Released on November 11th, 2022, KD3 is the third and final album of NasKing’s Disease trilogy, which kicked off in 2020 and has been executively produced by Hit-Boy since its start. Arguably his best work of the three acclaimed albums, its immediate success has finally tied Nas with Jay-Z for most Billboard Top 10 albums by a rapper.

The album succeeds at reminding us of all the reasons Nas is one of the greats, not only because of his lyrics and messages, but also for the transportive quality of his music. Rapping “my old style is a rough of my new style” (“Once a Man, Twice a Child”), Nas also asks his listeners to remember the “First Time” they heard his music—always staying close to his roots and start in the hip hop game (which, he reminds us, was nearly “30” years ago.) Call-backs to Nas’ NY start in Queens, as well as different musical giants—Havoc, Starkim, E Money Bags, Grandmasta Vicis, Mary J. Blige, Slick Rick, and G Rap, to name a few—set up the album as coming from “the last of the kings” (“Ghetto Reporter”). KD3 is, put simply, real delivering to real. 

With no featured artists on any of Nas’ tracks—for the first time in 20 years—KD3 is a conversation between Nas and Hit-Boy. There is no doubt the two have fantastic chemistry, which they use to propel the album’s underlying ideas. HB’s beats and samples match the rapper’s famous lyricism perfectly, helping to bring us back further to Nas’ original sound, and the scene he grew up in. Beginning with a sample from 1991’s “The Five Heartbeats,” a movie focused on R&B legends, the album’s second track “Legit,” drives this point home. The track “Michael & Quincy” goes as far as to compare their partnership to the late Michael Jackson and Quincy Jones: 

“Like Quincy on the trumpet, Hit-Boy on a drum kit
Nasty like Mike on the vocals, I overdub it (Shamone)”

By situating himself in hip hop’s history, Nas shows he is a voice to be listened to, by old and young listeners alike. He raps about issues relevant still relevant in 2022, but keeps his old sound alongside HB, tying in stories and emotions from his start to the current climate (even using young ‘text talk’ in “WTF SMH”). This makes it impossible not to connect the two eras and see that, like Nas, this King’s Disease—defined by Nas in 2020 as “rich man disease”—has stood the test of time.

KD3 is meant to be a lesson to those who have come after Nas; he wants them to learn from his mistakes, from his late friends, from his evolution. After all, Nas is not immune to this lifestyle, and has been swept up in rivalries before, rapping in “Ghetto Reporter” that “most of us catch it [the King’s Disease] at one point or another.” Similarly, in “Reminisce,” he offers up “the things that shaped me: the streets, the beef, the beats.”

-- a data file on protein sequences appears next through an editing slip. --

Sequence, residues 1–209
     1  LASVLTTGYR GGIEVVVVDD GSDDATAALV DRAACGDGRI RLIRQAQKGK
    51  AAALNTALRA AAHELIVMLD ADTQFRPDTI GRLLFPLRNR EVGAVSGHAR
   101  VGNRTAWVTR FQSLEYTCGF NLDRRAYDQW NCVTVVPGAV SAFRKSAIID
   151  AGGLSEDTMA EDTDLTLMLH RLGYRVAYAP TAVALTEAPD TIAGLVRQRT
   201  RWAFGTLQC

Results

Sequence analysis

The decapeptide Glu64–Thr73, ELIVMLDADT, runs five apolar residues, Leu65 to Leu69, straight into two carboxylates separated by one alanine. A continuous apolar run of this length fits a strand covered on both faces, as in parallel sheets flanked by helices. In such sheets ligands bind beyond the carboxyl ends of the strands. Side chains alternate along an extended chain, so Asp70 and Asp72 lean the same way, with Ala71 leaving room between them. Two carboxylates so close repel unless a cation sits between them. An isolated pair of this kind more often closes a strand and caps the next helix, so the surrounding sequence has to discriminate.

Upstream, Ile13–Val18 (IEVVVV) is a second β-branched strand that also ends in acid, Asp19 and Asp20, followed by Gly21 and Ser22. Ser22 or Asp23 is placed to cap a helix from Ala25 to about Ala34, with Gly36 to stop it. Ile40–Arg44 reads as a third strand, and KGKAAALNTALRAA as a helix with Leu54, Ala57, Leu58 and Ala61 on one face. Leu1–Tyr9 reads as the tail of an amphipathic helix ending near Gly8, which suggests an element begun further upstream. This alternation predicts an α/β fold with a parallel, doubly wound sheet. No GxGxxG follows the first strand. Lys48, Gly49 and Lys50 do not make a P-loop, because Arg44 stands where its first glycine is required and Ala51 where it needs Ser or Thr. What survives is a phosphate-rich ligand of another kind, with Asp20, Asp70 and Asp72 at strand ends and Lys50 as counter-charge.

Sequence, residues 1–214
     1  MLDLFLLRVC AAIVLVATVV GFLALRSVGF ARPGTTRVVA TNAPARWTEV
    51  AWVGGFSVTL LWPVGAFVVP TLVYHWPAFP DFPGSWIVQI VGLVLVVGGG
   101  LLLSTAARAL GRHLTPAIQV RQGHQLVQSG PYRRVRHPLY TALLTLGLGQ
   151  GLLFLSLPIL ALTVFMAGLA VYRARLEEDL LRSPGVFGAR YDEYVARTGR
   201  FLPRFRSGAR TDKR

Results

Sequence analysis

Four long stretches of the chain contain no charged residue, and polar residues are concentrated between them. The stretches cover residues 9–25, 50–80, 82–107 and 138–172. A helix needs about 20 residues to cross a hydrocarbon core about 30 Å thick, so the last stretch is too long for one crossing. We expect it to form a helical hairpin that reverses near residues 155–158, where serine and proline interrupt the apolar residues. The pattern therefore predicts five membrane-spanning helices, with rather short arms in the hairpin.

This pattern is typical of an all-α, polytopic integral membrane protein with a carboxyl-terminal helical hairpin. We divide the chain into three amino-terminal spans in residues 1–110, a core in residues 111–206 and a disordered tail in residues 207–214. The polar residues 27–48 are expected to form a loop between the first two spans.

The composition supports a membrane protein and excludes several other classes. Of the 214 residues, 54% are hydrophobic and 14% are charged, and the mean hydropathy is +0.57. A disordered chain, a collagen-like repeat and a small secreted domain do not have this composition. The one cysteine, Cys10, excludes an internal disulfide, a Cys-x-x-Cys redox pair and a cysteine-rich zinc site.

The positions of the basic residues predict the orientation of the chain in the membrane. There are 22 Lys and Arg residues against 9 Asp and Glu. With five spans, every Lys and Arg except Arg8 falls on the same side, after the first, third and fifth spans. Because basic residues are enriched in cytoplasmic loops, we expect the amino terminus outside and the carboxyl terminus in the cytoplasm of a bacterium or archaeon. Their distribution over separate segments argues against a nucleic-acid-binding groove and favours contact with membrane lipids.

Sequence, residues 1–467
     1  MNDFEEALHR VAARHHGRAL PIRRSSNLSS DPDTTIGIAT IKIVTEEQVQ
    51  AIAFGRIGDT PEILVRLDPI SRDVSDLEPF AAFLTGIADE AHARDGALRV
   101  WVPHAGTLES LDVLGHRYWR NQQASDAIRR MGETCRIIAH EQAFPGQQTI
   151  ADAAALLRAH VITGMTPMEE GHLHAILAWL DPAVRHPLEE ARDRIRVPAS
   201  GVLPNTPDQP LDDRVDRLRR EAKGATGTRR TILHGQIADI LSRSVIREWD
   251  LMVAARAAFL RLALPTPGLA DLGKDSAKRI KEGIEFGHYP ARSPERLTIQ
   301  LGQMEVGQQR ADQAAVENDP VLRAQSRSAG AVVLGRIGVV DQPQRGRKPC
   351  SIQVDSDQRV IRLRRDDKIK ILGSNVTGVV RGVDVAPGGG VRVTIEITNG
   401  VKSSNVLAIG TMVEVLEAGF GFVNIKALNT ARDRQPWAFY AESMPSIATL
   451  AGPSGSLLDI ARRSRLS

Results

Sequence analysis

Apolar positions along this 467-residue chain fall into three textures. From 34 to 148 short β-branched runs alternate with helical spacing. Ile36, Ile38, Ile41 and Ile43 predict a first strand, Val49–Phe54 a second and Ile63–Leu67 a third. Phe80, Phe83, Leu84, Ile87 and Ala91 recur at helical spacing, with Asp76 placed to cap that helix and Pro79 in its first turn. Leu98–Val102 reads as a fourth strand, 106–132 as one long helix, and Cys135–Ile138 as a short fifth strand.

Right on the nose in “Beef,” Nas, using his typical metaphorical style, personifies everything he is imploring others to move past:


Beef is my name, my story is age old


Jealousy and envy my right hands


I'm the words that get misinterpreted


Rumors turnin' into a monster, lies always mislead

By the time you hear what somebody said, it's stretched out

Far from nagging, or berating, Nas knows the struggle, and wishes to use his music to uplift and show others they can beat their affliction—their affinity towards money, jealousy, lust, greed and violence—in order to come together and provide a united front. Having lived through the consequences his whole life, both for himself and his community, Nas reminds his listeners that, above all, ‘beef’ twists reality and distances us from what is important. His plea for a different future is perhaps most apparent in “Thun:”

Brothers can do anything when they decide to


The future of our next generation ain't been established

Conflicted by some of the same patterns that had us

Money and social status, tell me what really matters

Overall, the album encapsulates what Nas has been trying to convey throughout the entire trilogy. Throughout KD3, he is very clear that this King’s Disease is a worldwide affliction, causing most destruction and wars, but also just as apparent in daily conversations and ‘innocent’ behaviour. “Don’t Shoot” is a perfect example. The track’s title is reminiscent of decades of police brutality against the Black community, which Nas ties into intra-community violence easily, asking for a lowering of the guns and an ear to listen to his message:

Don't shoot gangsters (Don't shoot gangsters)

Don't shoot (Give me some)

Don't shoot, gangster (Don't shoot gangsters)

You are him (You are him), and he is you (And hе is you) 


You are your own cure for your King's Disease

You gotta look inside to cure that

You got all the answers

Imagine no man shot for the next ten years

No man killed for the next thirty years

Think about how much we will attain

Packed tight with old school beats and samples, this new album is inarguably nostalgic—but, above all else, it is Nas’ observation of today’s society through a wiser lens, and a hopeful look towards the future.